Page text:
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By Steven M. Siros, Co-Chair, Environmental and Workplace Health & Safety Law Practice
On February 22, 2021, U.S. EPA announced that it was moving forward with implementation of several regulatory proposals issued in the waning days of the Trump Administration. First, U.S. EPA announced that it was finalizing its regulatory determination under the Safe Drinking Water Act (SDWA) for perfluorooctanesulfonic acid (PFOS) and perfluorooctanoic acid (PFOA). A regulatory determination is the first regulatory step in setting a maximum contaminant level (MCL) for these contaminants. The final regulatory determination, signed by Acting EPA Administrator Jane Nishida, reached the same conclusions as had been reached by former EPA Administrator Andrew Wheeler—(1) that these contaminants may have an adverse effect on the human health; (2) that the contaminants are known to be present in public water systems at a sufficient frequency and at levels that pose public health concerns; and (3) that regulation of these contaminants presents a meaningful opportunity to reduce health risks. Interestingly, U.S. EPA’s regulatory determination specifically acknowledges that its 2016 Lifetime Health Advisory Levels of 70 parts per trillion for both PFOA and PFOS continue to represent the best available peer reviewed scientific assessment for these chemicals, notwithstanding that many comments were submitted encouraging U.S. EPA to update and revise its 2016 Lifetime Health Advisory Levels. It is likely to take about four years to promulgate a final MCL for PFOS and PFOA.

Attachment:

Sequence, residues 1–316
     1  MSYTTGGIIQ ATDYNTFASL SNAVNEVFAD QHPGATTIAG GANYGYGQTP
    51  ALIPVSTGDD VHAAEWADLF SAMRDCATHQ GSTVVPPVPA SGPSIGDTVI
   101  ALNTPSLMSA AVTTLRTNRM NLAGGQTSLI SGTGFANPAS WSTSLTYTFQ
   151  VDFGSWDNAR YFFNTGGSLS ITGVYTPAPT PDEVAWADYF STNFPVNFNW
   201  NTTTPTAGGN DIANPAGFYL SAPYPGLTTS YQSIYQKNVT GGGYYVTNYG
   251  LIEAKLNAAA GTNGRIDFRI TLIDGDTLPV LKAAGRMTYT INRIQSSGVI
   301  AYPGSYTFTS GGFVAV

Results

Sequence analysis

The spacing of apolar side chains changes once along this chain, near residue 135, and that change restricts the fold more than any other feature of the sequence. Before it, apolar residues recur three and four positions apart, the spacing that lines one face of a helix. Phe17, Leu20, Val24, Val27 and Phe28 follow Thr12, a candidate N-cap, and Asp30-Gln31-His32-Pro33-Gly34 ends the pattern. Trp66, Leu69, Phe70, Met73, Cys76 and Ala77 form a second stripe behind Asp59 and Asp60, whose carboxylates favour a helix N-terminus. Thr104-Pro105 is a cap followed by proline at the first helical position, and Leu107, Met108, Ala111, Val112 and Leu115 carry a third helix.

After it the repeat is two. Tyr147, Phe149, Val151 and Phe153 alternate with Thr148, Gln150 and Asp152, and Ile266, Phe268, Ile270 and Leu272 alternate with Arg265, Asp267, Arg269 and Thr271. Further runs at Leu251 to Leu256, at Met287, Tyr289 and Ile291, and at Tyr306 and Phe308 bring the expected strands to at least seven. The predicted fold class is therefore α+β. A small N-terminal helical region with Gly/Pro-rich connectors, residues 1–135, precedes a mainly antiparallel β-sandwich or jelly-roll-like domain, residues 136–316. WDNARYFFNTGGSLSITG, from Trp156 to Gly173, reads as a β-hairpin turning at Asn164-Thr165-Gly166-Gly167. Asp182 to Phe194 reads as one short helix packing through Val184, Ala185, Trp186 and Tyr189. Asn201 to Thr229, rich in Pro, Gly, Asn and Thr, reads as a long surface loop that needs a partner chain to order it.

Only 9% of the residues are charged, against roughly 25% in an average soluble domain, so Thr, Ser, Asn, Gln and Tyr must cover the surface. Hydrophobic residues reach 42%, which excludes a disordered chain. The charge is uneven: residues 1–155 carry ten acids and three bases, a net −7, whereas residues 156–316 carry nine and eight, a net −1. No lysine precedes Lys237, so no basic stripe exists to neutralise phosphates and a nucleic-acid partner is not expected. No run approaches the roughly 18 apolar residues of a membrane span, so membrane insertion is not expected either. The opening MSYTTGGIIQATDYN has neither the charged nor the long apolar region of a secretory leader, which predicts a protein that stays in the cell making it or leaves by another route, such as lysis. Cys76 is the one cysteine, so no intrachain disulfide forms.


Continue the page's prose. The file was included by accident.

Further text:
U.S. EPA also reissued its proposed Fifth Unregulated Contaminant Monitoring Rule (UCMR5). The reissued USMR5 is identical to the draft that was issued on January 14, 2021 at the tail end of the Trump Administration but was temporarily put on hold when the Biden Administration took office. The proposed UCMR5 would require community water systems serving 3,300 people or more to monitor for a group of 30 chemicals (29 of which are PFAS substances) between 2023 and 2025. The monitoring is intended to provide U.S. EPA with data on the national occurrence of these chemicals in drinking water that at least in part will guide U.S. EPA in promulgating regulatory determinations for other PFAS substances. U. S. EPA will accept public comment on the draft UCMR5 for a period of 60 days following publication in the Federal Register.
We will continue to provide updates on U.S. EPA’s efforts to regulate PFAS substances in the Corporate Environmental Lawyer.